Archive for leaf footed bug

“Comparison Between Leaf-Footed Bug and Milkweed Assassin Bug Nymphs”

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Comparison Between Leaf-Footed Bug and Milkweed Assassin Bug Nymphs

 By George  Giltner,  Advanced. Master Gardener

Probably the last thing a gardener would want to do is kill off a beneficial insect, like the milkweed assassin bug, that is controlling pests ( flies, mosquitoes, caterpillars, cucumber beetles, the Asian  citrus psyllid, aphids, army worms, and other prey 6x their size).  The milkweed assassin bug is the common predator that is effective in our landscape and vegetable gardens.  Therefore its similar identity in the nymph stages to leaf-footed bug nymphs needs to be distinguished.

2015 leaf footed bug nymph

Harmful insect: a nymph of the leaf-footed bug, Photo by Lyle J. Buss, U. Florida

2015 MW Assassin bug

Beneficial Insect: a nymph of the milkweed assassin bug, Megha Kalsi, U. Florida

From looking at the above photos, the casual observer probably will not be able to distinguish between the two nymphs.  The juvenile insect in the top image will attack apples, blueberries, blackberries, cowpeas, cucurbits, eggplants, okra, tomatoes, pecans, hibiscus, etc.

The MW assassin bug nymph in the bottom image is a desirable predator to have in the garden.  Therefore you would definitely not want to bring out a broad range pesticide to kill what may or may not be a harmful bug, unless you are certain of the identification.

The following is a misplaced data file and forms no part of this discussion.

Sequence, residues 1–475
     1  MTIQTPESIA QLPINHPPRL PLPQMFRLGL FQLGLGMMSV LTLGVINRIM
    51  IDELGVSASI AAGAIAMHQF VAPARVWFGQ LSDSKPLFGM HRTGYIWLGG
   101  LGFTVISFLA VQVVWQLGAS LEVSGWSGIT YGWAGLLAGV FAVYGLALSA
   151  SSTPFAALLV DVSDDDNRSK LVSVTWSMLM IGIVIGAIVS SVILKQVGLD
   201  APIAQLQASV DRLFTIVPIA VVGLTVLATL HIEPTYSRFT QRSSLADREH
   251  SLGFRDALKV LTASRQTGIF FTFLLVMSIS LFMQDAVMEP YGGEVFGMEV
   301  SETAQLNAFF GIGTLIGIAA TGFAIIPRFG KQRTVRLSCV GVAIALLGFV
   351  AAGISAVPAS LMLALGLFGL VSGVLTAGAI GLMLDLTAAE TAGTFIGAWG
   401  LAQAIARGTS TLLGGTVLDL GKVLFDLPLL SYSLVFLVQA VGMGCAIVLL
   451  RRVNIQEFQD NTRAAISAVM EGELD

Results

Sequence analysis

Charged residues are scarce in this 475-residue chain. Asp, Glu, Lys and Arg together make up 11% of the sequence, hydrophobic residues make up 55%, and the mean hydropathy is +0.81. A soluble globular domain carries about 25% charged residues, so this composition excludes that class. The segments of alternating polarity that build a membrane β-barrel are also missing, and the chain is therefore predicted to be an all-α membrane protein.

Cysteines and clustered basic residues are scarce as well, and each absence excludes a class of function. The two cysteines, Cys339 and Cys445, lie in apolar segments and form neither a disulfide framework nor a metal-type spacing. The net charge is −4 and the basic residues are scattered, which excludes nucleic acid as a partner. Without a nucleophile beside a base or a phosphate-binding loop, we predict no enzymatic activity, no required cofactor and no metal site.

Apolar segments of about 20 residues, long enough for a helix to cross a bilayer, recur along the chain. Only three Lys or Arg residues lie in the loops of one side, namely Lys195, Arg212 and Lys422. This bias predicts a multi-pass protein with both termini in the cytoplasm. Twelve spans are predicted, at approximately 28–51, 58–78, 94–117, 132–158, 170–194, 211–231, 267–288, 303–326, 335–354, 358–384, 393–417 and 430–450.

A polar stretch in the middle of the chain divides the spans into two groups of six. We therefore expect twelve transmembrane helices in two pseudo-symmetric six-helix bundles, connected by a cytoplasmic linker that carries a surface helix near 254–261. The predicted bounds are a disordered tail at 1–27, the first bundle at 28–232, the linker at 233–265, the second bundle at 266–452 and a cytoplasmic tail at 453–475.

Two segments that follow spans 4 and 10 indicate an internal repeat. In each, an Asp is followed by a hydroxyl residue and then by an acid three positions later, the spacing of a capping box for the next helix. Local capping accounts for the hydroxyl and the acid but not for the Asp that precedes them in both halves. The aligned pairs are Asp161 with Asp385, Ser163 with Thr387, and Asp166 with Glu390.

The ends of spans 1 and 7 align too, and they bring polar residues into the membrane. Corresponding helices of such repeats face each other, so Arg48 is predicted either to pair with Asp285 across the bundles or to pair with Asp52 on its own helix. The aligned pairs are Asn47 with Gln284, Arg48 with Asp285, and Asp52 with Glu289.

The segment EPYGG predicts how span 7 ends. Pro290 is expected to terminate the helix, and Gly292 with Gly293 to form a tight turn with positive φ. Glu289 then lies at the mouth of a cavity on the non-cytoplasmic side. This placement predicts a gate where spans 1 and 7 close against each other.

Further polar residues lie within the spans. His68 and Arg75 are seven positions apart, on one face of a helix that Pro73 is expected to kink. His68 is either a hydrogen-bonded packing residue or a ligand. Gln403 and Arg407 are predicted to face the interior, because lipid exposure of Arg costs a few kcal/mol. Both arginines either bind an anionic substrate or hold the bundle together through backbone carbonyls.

There are a few behavioral characteristics that may help.  The assassin bugs are usually loners that are observed sneaking up and “assassinating” their prey.  If you get near them, they may rare-up on long thin legs and extend their proboscis (nose) forward.  Also carefully observe the surrounding vegetation for assassin bugs that have captured prey.  Their proboscis has injected digestive enzymes into the prey for liquefaction, which does take time. Handling the latter nymphs and adults can result in a nasty bite.  So, be careful in capturing these bugs for children. A positive ID at the LSU AgCenter is recommended.  The preferable method is to take a close-up photo with a digital camera or a newer cell phone.

The nymphs of the leaf-footed bugs usually stay together to attack plants in packs that may include adults, and other pest-bugs.  A joint pest-effort in overcoming the plants defense system is typically seen on unhealthy plants. The proboscis will be kept under the belly of the bug. It never goes forward like the assassin bug’s exhibit.

The message is to make an effort to ID and keep the beneficial bugs, for they are the balance in the ecosystem of your garden or ornamentals.  Killing all bugs in a wide-spread area throws this system out of balance in favor of the pests that have the quicker and more abundant reproductive cycles.

 

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Control Eastern Leaf-footed Bugs on Thistles

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Control Eastern Leaf-footed Bugs on Thistles